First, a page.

For the first time, the United States made attempts to hold talks between the Taliban and Afghan governments for peace in Afghanistan under the Presidency of Barack Obama. Attempts in 2011, 2012 and 2013 failed. The peace talks between the Taliban and the Afghan government in 2016, under the coordination of Pakistan, with the participation of the USA and China, did not yield any results. After Donald Trump was elected President of the United States in 2017, the negotiations came back on the agenda. President Ashraf Ghani, who was elected for the second time in Afghanistan, announced that they were ready to negotiate with the Taliban without preconditions at the beginning of 2018. Ghani also pledged to recognize the Taliban as a legitimate political party and to release prisoners of the organization. The Taliban responded negatively to Ghani’s proposal, saying that the addressee for peace was not the Afghan government, but the United States. On February 25, 2019, the US and Taliban representatives met for the first time in Doha, the capital of Qatar, for peace talks. After the completion of the eighth round of talks between the US and the Taliban on August 12, 2019, the parties reportedly approached the deal. At the end of the 7-day period that started on February 22, 2020, a peace agreement was signed on February 29, 2020.[2] The US and the Taliban have signed an “agreement for bringing peace” to Afghanistan after more than 18 years of conflict. The US and NATO allies have agreed to withdraw all troops within 14 months if the militants uphold the deal. President Trump said it had been a “long and hard journey” in Afghanistan. “It’s time after all these years to bring our people back home,” he said. Talks between the Afghan government and the Taliban are due to follow. Under the agreement, the militants also agreed not to allow al-Qaeda or any other extremist group to operate in the areas they control.[3]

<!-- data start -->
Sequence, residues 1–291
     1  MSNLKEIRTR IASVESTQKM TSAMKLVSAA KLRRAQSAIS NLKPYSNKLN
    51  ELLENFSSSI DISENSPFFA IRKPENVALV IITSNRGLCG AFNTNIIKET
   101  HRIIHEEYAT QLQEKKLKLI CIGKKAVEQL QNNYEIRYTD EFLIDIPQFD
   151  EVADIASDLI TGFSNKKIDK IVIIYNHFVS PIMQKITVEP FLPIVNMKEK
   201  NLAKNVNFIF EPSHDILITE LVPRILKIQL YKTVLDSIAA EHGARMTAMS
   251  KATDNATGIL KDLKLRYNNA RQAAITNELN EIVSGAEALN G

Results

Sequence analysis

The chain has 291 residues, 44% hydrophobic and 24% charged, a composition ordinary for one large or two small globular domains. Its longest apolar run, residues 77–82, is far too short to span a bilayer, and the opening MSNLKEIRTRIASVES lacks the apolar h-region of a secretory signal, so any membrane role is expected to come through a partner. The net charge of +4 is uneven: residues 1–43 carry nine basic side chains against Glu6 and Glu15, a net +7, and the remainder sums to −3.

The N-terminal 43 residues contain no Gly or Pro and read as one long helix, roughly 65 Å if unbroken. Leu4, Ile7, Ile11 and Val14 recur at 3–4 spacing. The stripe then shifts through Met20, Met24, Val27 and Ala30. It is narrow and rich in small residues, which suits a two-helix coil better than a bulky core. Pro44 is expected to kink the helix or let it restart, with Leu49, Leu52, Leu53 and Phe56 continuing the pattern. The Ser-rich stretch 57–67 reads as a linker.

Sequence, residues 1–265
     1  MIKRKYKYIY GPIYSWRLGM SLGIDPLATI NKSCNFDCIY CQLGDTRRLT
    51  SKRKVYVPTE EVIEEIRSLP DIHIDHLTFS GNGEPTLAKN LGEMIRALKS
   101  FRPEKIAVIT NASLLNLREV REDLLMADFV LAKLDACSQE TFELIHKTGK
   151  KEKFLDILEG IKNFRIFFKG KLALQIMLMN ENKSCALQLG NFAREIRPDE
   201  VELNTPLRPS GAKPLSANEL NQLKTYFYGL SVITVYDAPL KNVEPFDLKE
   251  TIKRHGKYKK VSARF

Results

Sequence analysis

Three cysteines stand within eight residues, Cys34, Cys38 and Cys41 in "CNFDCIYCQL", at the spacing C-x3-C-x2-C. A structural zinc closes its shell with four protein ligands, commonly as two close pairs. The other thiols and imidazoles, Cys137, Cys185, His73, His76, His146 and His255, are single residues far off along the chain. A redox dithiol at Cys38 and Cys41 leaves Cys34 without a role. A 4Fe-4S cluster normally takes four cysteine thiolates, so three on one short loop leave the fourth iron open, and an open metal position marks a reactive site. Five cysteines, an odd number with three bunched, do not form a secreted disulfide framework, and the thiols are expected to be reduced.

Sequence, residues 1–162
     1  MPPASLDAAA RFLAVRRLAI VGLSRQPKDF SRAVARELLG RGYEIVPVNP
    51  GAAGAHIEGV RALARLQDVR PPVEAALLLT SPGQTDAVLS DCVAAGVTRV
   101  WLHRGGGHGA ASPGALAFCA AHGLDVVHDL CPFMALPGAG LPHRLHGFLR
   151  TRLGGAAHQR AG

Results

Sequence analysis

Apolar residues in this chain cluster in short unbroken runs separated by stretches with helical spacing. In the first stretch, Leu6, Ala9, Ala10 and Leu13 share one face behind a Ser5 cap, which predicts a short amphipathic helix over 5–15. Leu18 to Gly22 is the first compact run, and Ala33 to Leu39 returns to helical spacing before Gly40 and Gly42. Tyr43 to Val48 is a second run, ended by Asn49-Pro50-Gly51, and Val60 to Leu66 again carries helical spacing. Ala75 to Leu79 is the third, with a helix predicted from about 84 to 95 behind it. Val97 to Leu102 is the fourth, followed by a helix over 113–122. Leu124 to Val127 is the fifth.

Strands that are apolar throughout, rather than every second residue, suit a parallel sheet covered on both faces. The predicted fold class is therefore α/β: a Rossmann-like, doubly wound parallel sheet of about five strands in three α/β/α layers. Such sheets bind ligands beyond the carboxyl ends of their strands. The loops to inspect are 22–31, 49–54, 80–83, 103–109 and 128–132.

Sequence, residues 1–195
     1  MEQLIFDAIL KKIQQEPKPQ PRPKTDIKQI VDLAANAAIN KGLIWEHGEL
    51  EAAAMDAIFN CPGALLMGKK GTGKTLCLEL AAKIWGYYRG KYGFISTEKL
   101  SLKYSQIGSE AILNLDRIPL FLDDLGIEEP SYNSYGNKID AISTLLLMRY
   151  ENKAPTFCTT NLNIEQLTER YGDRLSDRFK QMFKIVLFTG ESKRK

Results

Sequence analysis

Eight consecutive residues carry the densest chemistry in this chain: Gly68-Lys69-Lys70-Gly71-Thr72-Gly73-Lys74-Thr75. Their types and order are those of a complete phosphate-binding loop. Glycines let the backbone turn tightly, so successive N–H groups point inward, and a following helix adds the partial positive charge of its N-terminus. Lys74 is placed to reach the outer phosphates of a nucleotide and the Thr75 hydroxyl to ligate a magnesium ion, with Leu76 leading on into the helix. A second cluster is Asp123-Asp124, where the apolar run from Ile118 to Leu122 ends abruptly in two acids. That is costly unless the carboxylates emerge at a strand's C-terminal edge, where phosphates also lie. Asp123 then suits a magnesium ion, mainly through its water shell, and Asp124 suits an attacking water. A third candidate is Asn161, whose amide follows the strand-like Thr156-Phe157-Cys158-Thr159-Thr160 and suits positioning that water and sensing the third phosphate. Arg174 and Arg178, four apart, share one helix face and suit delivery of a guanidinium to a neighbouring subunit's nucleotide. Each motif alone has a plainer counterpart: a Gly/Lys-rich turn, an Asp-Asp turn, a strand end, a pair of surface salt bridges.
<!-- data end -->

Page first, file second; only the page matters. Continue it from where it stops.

Biden Term

Later, the current US President Joe Biden announced the document that will form the basis of the national security strategy during his rule. In the 24-page document, Biden stated that diplomacy would be their first option in national security matters, but they would not hesitate to resort to military force when necessary. The document also emphasized that democracy is seen as the most important asset, ‘endless’ wars like Afghanistan will end and efforts will be made to prevent the spread of nuclear weapons.[4] Other highlights in the report are:

Afghanistan: ‘The US will not engage in endless wars that cost thousands of lives and trillions of dollars. We will work to responsibly end America’s longest war in Afghanistan, prevent Afghanistan from becoming a safe place for terrorists to launch terrorist attacks on the USA. “

‘Economic security is national security’: The document announced by Biden also includes the phrase ‘Economic security is national security’ in the Trump administration’s national strategy document.

Defense budget: The report states that “clear priorities will be set” in the defense budget, and it is emphasized that cooperation will be made with the Congress in determining the structure, capabilities and size of the military power, “it will be moved away from old platforms and weapon systems to create resources for new technologies and capabilities”.

Cyber ​​security: It is stated in the report that cyber security will be one of the main priorities and that the capacity, preparedness and resistance of the USA in cyber space will be strengthened.

Nuclear disarmament: It was stated in the document that the US will lead the way to reduce the dangers arising from nuclear weapons, and diplomacy will guide relations with North Korea and Iran. The United States and Russia last month extended the new START agreement (the Strategic Arms Reduction Treaty) until 2026.

CONCLUSION